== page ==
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North Korea Threatens 'Physical Response' to Maneuvers

North Korea is threatening a "physical response" to scheduled U.S.-South Korean naval maneuvers beginning Sunday in the Sea of Japan.

The outburst Friday was the latest shot in a war of words that eclipsed other issues at the ASEAN Regional Forum in Hanoi.

On Friday U.S. Secretary of State Hillary Clinton described North Korea as an "isolated and belligerent" regime engaged in a "campaign of provocative, dangerous behavior." Earlier this week, she announced new economic sanctions against Pyongyang.

Furious response

North Korean spokesman Ri Tong Il responded furiously at the 27-member forum, describing the planned exercise as a threat to his nation's sovereignty and a reminder of 19th century gunboat diplomacy.

He said, "There will be a military response against the threat imposed by the United States militarily."

Clinton defended the military exercise, saying it would demonstrate America's commitment to the defense of South Korea.

Why hold exercises?

The exercise was organized in response to the sinking in March of a South Korean warship, the Cheonan, killing 46 sailors. An international investigation concluded the ship had been torpedoed by a North Korean submarine, but the North denies any responsibility.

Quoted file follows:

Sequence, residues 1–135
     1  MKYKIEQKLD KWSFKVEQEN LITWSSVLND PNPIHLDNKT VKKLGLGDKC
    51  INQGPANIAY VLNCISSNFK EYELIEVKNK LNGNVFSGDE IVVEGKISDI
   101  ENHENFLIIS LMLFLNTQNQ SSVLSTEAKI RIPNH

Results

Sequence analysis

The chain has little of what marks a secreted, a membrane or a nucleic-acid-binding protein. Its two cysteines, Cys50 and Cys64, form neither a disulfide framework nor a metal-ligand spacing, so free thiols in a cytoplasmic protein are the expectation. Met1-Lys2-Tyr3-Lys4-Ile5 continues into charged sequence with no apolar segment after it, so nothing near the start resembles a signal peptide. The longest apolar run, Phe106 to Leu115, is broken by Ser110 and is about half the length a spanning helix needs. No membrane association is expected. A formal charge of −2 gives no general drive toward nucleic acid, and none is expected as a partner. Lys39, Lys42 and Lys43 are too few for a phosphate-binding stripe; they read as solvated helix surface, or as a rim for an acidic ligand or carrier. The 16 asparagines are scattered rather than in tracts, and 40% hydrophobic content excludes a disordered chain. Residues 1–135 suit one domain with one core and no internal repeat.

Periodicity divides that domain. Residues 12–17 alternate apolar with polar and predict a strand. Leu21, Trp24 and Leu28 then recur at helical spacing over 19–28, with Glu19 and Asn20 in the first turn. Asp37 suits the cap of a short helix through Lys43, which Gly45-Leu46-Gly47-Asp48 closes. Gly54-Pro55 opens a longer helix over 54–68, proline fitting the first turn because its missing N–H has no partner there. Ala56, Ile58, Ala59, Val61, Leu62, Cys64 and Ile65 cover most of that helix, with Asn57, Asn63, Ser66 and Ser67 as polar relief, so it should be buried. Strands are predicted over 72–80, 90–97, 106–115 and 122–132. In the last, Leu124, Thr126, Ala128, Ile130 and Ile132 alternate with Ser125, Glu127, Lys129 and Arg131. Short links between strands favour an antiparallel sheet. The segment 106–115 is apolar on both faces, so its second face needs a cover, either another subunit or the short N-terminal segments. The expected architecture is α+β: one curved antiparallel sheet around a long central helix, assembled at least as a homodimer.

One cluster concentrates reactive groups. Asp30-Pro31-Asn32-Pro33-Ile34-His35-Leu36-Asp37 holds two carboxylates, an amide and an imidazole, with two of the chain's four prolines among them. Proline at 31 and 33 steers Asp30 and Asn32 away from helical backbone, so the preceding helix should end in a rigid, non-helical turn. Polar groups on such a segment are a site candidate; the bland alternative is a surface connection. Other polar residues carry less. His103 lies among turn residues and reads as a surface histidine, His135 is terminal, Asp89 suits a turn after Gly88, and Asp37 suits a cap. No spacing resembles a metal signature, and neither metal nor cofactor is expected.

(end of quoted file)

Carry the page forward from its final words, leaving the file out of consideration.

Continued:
A statement prepared for approval by all the countries at the forum expressed concern about the sinking but did not specifically blame any country.

The spat between the United States and North Korea diverted attention from other issues before the 27-member forum, which is hosted by the 10-member Association of Southeast Asian Nations and embraces other interested countries including China, Russia, Japan, North and South Korea and the United States.

Those issues included promised elections in Burma, the first in 20 years. ASEAN members have been pressing Burma to ensure the elections are free and fair.

Obama invitation

Clinton repeated that message Friday and urged the ASEAN members to remind Burma of its obligations to comply with international non-proliferation measures. She expressed concern about reports that North Korea is helping Burma develop its own nuclear program.

Clinton also urged regional leaders to resolve long-standing disputes over a chain of islands in the South China Sea, especially between China and Vietnam. She said Washington is concerned the disputes will interfere with maritime commerce.

Clinton said U.S. President Barack Obama will invite ASEAN leaders to Washington for a summit to take place later this year.

Some information for this report was provided by AP, AFP and Reuters.